Thousands of Canadians have been named as the trustee of wills and by extension, the trusts set up in those wills. For many, this may include a Henson Trust. This is a type of trust that is created to set aside funds for a disabled person to provide for that person's financial future. Henson trusts are used in every province other than Alberta.
Since most trustees are thrust into the job without prior training, finding reliable information about the mechanics of the job is essential. I'm attaching a link to a new blog post by Ottawa lawyer Donna Neff that will help answer one very important question - that of how much the trustee is to be paid for looking after the trust. Click here to read it.
Calculating the right amount is important because the trustee carries a lot of responsibility and risk for looking after a large sum of money and applying it correctly according to the terms of the trust. It's also important to explain the fees to others, such as the people who will inherit the remainder of the trust once the disabled person passes away.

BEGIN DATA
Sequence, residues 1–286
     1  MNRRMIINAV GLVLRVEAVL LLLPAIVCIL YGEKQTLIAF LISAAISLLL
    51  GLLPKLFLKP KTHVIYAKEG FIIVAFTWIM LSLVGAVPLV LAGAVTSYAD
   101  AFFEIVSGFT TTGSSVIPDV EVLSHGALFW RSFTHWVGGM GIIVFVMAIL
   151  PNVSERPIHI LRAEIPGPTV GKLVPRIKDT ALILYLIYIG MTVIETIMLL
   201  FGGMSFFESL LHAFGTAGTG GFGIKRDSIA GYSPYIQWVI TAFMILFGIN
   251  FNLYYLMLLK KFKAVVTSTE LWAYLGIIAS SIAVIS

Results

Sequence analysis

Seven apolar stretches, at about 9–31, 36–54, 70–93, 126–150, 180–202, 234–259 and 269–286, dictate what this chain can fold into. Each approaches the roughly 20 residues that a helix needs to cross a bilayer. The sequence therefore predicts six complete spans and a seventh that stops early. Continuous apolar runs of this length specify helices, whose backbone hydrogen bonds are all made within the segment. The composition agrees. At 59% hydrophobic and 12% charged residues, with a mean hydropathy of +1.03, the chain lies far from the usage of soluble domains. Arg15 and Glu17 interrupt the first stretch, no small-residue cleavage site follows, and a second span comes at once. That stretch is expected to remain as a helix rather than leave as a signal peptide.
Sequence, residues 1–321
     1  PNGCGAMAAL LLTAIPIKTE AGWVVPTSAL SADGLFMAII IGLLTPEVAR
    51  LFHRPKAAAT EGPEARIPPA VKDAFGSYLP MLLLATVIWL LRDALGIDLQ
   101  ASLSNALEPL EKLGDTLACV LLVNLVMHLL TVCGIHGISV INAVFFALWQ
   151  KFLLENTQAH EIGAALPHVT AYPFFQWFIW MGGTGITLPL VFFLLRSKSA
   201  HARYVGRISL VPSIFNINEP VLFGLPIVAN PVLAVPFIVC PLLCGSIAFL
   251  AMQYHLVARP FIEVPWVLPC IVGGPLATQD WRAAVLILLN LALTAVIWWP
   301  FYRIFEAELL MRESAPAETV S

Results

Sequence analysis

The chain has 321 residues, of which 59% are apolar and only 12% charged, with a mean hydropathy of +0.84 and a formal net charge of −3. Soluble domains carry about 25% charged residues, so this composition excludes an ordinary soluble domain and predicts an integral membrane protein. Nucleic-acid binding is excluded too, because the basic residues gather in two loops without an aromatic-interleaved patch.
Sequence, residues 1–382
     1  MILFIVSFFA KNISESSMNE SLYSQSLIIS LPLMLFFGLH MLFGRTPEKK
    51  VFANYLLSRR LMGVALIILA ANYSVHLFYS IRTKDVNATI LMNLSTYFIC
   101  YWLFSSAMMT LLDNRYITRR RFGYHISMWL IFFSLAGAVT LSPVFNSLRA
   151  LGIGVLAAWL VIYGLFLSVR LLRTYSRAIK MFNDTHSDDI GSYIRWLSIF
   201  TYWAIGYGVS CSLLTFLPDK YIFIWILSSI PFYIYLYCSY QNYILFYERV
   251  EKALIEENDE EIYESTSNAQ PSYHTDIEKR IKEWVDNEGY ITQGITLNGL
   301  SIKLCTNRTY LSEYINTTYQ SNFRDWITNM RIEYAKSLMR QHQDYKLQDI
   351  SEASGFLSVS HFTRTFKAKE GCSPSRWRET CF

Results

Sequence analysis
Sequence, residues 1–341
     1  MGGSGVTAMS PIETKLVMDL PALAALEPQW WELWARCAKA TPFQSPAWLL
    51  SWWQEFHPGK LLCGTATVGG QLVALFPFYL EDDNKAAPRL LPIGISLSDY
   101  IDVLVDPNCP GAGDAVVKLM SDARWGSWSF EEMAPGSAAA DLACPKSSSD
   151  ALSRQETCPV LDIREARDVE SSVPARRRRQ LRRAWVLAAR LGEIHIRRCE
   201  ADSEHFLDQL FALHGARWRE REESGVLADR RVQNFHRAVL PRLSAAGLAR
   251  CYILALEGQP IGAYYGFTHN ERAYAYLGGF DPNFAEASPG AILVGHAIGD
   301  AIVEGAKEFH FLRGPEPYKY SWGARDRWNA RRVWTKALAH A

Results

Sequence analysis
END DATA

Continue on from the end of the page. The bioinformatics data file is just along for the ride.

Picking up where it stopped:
Note that Ms. Neff's post is specifically about Ontario. The same principles will apply in other provinces, though the legislation might well be different. If you live outside of Ontario, you might want to ask a local trusts lawyer for additional information.